Thursday, 15 July 2010

Global Indigenous Youth Caucus Intervention at the 3rd Session of the EMRIP

Global Indigenous Youth Caucus Intervention to the 3rd Session of the Expert Mechanism on the Rights of Indigenous Peoples
Agenda Item 3: Study on Indigenous Peoples and the Right to Participate in Decision-Making 13 July 2010

This is the Global Indigenous Youth Caucus’ first official presence at the Expert Mechanism on the Rights of Indigenous Peoples. We sincerely hope we will be welcoming more youth to join us in future sessions. Whilst the progress report gives us a comprehensive overview to the participation of Indigenous Peoples in decision-making, indigenous youth is only mentioned in paragraph 62 and the role of indigenous youth in decision-making is poorly addressed.

Indigenous youth and children globally represent some 50 to 70% of the total indigenous population. Despite this, we are often excluded and ignored from discussions where decisions affecting us are made. There is a desperate need to involve indigenous youth as stakeholders in decision-making processes on the national and international level as we as youth hold a key position between our indigenous tradition and modernized structures. We are carrying the great value of being familiar with both, thus play an integral part in the formation of indigenous identities and the continuation and sustainability of cultural practices and traditions. It is critical that we have full and effective participation in decision-making processes, so our voices can be heard, allowing us to identify our needs and act accordingly.

Echoing the study, we prepared a situation analysis on indigenous youth’s participation in decision-making process based on information and input provided by the members of the Global Indigenous Youth Caucus worldwide.

Key points drawn from the analysis follow:

1. At the community level, format and degree of youth’s participation in decision-making vary. While some youth are intensively included in cross-generational connections and communications with their elders, others are not permitted to express their opinions with ultimate decision making lying with elders. Native models of congenial cross-generational communication should be put forward for consideration at the UN and in decision-making process on all levels.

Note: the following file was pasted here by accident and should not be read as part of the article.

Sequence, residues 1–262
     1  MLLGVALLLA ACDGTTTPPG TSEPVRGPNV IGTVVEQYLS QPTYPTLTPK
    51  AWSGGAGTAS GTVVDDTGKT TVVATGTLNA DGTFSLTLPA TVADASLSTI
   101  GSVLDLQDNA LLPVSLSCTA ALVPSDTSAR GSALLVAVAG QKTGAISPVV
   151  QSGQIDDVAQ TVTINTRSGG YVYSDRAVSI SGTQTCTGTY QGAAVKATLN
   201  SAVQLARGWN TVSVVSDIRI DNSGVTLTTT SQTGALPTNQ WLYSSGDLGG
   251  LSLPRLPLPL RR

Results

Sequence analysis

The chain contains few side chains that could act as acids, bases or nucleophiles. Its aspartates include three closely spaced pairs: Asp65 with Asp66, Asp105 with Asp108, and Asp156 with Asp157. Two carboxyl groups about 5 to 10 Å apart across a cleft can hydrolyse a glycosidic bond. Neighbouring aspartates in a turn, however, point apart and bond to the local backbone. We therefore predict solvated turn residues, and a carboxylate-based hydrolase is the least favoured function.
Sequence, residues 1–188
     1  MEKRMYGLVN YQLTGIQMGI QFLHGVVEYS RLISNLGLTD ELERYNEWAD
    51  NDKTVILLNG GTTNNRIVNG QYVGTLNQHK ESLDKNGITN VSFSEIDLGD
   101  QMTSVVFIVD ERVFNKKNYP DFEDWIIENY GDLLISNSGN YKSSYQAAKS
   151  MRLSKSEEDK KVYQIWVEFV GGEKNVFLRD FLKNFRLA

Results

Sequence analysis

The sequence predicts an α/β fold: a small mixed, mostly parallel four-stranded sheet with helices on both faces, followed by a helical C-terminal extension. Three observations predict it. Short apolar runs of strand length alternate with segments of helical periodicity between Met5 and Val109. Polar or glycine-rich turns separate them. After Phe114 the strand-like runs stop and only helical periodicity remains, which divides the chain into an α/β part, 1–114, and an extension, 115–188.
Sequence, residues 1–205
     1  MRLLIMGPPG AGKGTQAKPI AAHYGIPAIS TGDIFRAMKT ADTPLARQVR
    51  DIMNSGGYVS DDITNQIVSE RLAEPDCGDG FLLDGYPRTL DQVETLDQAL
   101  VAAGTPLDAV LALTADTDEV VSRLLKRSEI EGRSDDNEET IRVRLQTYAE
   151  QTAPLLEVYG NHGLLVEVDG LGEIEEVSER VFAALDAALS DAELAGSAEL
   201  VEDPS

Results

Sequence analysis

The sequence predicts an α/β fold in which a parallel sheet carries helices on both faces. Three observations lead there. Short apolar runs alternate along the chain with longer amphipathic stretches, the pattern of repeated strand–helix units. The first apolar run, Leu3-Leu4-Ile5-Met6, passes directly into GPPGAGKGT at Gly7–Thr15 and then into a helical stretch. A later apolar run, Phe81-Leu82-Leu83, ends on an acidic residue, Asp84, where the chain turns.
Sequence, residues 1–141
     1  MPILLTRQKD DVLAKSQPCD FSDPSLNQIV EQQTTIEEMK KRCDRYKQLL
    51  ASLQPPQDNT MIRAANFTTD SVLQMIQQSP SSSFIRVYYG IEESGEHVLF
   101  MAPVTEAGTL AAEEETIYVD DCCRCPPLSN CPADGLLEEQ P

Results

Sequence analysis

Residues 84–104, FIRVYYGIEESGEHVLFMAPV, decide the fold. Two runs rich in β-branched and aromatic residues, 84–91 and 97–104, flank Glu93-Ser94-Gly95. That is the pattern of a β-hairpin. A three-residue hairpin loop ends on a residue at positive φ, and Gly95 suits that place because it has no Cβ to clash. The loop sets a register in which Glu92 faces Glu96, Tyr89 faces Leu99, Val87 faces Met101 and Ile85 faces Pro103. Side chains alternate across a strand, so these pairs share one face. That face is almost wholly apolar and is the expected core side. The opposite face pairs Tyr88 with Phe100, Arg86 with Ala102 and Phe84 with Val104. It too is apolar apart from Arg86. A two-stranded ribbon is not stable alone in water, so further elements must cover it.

2. In most countries, indigenous youth are not represented in the federal, state or local government. Indigenous focused political parties are not common. If present they rarely place indigenous youth on the agenda. In most countries the turnout of indigenous youth in elections is low. There are often cases where indigenous youth are excluded from the election process because they are not able to acquire legal documents. As youth make up a considerable part of the indigenous population and as we are the future work force. If not included in this process today, we face a bleak outlook for all indigenous peoples’ participation in decision-making tomorrow.

3. Many governments claim that “youth are the best experts on young people’s lives”. However this does not carry over to policy that affects us; education, vocational training, cultural survival and environmental protection policies are often made by senior officers without any input from youth, or consultation with indigenous youth.

4. Indigenous youth participants can be spotted in many regional and international gatherings. However, may I ask everyone who is under age of 24 to raise your hand? (Thank you.) As can be seen here, it is obvious that the number of indigenous youth representatives present in international occasion is still low. Financial constraint is often but not the only issue. Members of the Youth Caucus have been denied entry to international conferences due to visa, accreditation, or political interference.

5. Indigenous youth is in general a strong and dynamic force in the grassroots movements for the rights of indigenous peoples. Numerous indigenous organizations are generated from the indigenous youth, dealing with practical promotion and development of indigenous culture and language among young people. We do this through advocacy, lobbying, awareness raising, demonstration and protest against governmental and non-governmental policies that have adverse effects on indigenous peoples and our cultural identity. However, in some areas, indigenous youth are not allowed to establish their own associations of any kind.

6. Other key obstacles that hinder youth’s participation include, cultural constraint, lack of access to adequate information, poor understanding of information, deprivation of our rights to learn about our rights and relevant international instruments. Our education does not adequately reflect our indigenous heritage and the specific needs and world view of indigenous youth. There is general exclusion from capacity-building processes and lack of motivation to participate.

This situation analysis reflects indigenous youth from various participating Global Indigenous Youth Caucus countries that demonstrate their interaction and participation in decision-making roles. We respectfully call upon the Experts to include the importance of indigenous youth and their participation in decision-making in the final study. We further call for support of any kind to assist the Global Indigenous Youth Caucus in compiling a more detailed and comprehensive study of indigenous youth and their participation in decision-making.

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